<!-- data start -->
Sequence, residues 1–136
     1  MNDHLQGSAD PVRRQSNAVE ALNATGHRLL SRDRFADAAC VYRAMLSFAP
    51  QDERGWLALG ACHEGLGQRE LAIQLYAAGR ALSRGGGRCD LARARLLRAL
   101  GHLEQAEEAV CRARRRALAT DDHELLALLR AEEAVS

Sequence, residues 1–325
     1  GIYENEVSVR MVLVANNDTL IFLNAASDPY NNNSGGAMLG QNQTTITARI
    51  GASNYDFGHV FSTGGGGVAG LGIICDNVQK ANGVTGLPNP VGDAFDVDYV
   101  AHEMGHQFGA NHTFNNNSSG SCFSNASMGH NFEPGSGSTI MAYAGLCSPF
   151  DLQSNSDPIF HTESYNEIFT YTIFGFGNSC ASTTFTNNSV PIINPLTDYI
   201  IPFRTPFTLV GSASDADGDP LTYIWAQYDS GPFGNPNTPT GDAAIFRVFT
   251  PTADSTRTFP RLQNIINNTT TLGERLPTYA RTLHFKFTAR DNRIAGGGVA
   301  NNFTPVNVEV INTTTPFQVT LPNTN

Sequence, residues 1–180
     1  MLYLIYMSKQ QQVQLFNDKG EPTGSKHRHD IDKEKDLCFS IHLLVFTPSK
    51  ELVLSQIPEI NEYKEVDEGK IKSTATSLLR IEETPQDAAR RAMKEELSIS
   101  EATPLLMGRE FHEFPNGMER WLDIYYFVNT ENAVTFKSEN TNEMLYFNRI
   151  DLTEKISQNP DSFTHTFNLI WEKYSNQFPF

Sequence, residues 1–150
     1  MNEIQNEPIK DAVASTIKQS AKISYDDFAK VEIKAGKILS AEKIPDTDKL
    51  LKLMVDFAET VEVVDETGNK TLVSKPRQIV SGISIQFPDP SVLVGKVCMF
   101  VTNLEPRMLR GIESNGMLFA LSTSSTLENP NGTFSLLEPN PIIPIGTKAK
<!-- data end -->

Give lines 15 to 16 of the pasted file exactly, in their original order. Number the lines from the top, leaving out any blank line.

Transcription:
    51  ELVLSQIPEI NEYKEVDEGK IKSTATSLLR IEETPQDAAR RAMKEELSIS
   101  EATPLLMGRE FHEFPNGMER WLDIYYFVNT ENAVTFKSEN TNEMLYFNRI